Here’s the setup. Researchers (Lowe and Crawford) wanted to test whether intuitions or further reflection proved more accurate. So, they gave students a test consisting only of true/false questions. All students had two passes at the exam.
The only difference? Half of the students committed in writing to one answer the first time around before choosing a final answer. The other group merely read over the questions before marking their final answer.
What did the study find? Participants that were required to commit to one answer before their second pass scored higher overall than those that only mentally chose an answer.
Research since that study has confirmed this finding. According to a meta-analysis, 33 studies to date have confirmed that “the majority of answer changes are from incorrect to correct” and that “most students who change their answers improve their test scores” overall.
In fact, scholars have found the same result from the high-stakes world of diagnostic medicine. Residents who first committed to a diagnosis before then being required to reflect on their choice changed, on average about 12% of their diagnoses. They were twice as likely to change an answer from incorrect to correct.
The Takeaways: The “Commit then Reflect” Model
This scholarship suggests that a “commit then reflect” model results in the most accurate decisions. This model consists of three required components.
Step 1: Commit Fully, As If It Is Your Final Answer
First, you must commit fully to a choice, decision, or idea. Here committing could be in writing or orally; however, you must choose as if you will have no opportunity to change your answer.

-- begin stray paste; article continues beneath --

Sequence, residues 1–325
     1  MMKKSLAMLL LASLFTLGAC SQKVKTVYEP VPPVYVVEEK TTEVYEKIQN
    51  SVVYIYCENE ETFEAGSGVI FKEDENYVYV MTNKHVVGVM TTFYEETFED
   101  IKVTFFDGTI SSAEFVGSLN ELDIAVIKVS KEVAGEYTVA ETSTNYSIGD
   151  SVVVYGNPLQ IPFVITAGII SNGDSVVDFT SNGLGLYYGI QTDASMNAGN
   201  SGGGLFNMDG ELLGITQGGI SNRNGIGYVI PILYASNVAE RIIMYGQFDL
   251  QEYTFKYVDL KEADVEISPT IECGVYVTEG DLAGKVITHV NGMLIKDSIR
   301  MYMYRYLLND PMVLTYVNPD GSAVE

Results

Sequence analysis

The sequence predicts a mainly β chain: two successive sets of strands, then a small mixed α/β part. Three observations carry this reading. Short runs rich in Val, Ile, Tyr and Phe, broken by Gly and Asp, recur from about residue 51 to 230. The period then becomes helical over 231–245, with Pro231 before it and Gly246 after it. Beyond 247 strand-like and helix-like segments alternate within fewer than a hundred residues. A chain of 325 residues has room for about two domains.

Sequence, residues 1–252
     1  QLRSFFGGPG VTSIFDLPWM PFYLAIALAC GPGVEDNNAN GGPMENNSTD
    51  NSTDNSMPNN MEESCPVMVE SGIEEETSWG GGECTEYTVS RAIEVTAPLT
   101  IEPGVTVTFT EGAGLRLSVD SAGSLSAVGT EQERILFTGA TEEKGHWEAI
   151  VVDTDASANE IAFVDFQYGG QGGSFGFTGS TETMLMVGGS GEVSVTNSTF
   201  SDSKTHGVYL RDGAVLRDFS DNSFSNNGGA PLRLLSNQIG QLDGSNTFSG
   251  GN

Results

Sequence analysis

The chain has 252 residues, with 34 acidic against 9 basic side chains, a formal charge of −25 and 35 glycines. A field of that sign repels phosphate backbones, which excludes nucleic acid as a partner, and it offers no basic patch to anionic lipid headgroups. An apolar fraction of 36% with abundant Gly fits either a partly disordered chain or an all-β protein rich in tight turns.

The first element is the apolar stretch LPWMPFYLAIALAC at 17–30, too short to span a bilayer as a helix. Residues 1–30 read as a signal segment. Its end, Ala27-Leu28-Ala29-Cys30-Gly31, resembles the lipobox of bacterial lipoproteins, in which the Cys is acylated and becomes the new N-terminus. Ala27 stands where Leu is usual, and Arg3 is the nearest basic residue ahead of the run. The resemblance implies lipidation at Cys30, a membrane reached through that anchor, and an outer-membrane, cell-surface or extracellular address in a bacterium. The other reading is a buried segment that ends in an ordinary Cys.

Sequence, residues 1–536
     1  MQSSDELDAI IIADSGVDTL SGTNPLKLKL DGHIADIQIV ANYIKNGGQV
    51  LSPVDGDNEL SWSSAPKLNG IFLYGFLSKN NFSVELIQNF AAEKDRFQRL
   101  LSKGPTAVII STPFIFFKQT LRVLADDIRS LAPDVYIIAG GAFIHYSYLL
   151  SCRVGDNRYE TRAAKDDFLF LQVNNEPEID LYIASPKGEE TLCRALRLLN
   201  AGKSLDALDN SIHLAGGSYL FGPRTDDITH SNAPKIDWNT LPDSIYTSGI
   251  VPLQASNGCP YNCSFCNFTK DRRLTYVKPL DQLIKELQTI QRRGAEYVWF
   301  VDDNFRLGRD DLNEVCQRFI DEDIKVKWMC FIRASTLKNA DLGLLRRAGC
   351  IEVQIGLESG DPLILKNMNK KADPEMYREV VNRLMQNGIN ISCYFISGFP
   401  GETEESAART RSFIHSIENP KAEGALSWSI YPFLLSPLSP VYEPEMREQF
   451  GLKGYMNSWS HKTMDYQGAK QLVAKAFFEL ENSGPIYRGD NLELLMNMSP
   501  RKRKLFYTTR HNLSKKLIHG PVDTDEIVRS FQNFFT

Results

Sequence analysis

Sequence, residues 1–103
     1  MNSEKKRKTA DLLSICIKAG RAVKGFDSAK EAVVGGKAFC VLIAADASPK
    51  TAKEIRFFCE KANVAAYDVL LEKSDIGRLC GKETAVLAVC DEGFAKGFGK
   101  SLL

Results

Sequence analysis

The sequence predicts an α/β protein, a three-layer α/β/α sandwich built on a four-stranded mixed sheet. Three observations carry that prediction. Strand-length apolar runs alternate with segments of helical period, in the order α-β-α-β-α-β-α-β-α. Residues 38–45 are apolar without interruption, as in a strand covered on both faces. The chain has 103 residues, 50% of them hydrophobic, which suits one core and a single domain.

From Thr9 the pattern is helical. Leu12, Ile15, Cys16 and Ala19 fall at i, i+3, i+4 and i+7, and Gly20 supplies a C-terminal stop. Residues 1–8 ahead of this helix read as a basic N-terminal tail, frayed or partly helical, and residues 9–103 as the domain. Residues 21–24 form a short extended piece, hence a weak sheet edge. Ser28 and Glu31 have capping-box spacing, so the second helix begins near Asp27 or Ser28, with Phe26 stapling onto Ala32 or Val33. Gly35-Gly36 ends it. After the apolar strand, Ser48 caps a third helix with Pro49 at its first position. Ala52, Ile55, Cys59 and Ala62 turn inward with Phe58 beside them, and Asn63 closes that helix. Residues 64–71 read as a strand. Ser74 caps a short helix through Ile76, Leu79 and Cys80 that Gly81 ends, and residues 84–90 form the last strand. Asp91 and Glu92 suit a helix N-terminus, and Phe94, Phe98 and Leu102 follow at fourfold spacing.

Remember, the students in the first study read over all of the questions and mentally answered them, but they did not score as highly as their peers who had to commit first.
The real benefit seems to come in having an anchor or definite starting point for revising. If you never commit, you never truly have something concrete to revise.
Step 2: Pause & Take a Deliberate Break
Not only must you commit fully, but you must take a break between committing and revising. Doing so helps delineate between your “first pass” and your “revision” and gives your subconscious time to process subtle (or even egregious) problems with your first choice. During this time, it will look for inconsistencies in the evidence you based your decision on. It will also have time to imagine consequences of your decision or idea that you had not taken into account when committing.
Depending on the choice, this break can definitely be short (less than one hour). But you must take one.
During your pause, you will likely experience flashes of inspiration. You might realize “Oh, I can’t do/say that, because…” If you do, be sure to capture these thoughts and commit to them fully as well. Doing so and continuing to pause will have a compounding effect.
You might also experience nagging but nebulous thoughts like “that doesn’t sound completely right to me, but I can’t put my finger on why.” If this is the case, schedule time to deliberately try to identify this “why” as concretely as possible in writing or orally.
Step 3: Revise Your First Answer
As most of the studies found, your intuition is likely mostly correct. But about about 10-15% of your first impressions will be inaccurate. So, after your pause, you must then return to your initial answers or ideas to revise them.
If you had flashes of inspiration or nagging thoughts during your pause, congratulations! These ideas can guide your revisions.
If you didn’t, now is the time to try to provoke them. Use the following questions to guide you:
- What about this doesn’t sound quite right? Why?
- If you commit to this idea/decision, what else are you committing to?
- If you commit to this idea/decision, what are you saying no to?
Applying the “Commit, Pause, Revise” Model to Academic Writing
On its surface, the commit, pause, revise model seems like nothing new when it comes to academic writing. In fact, most reigning writing wisdom encourages scholars to separate the writing and revising stages, suggesting that revising is where the real writing happens.
But even faculty who know and believe in the “commit, pause, revise” model for academic writing in theory struggle to apply it to their own writing in practice.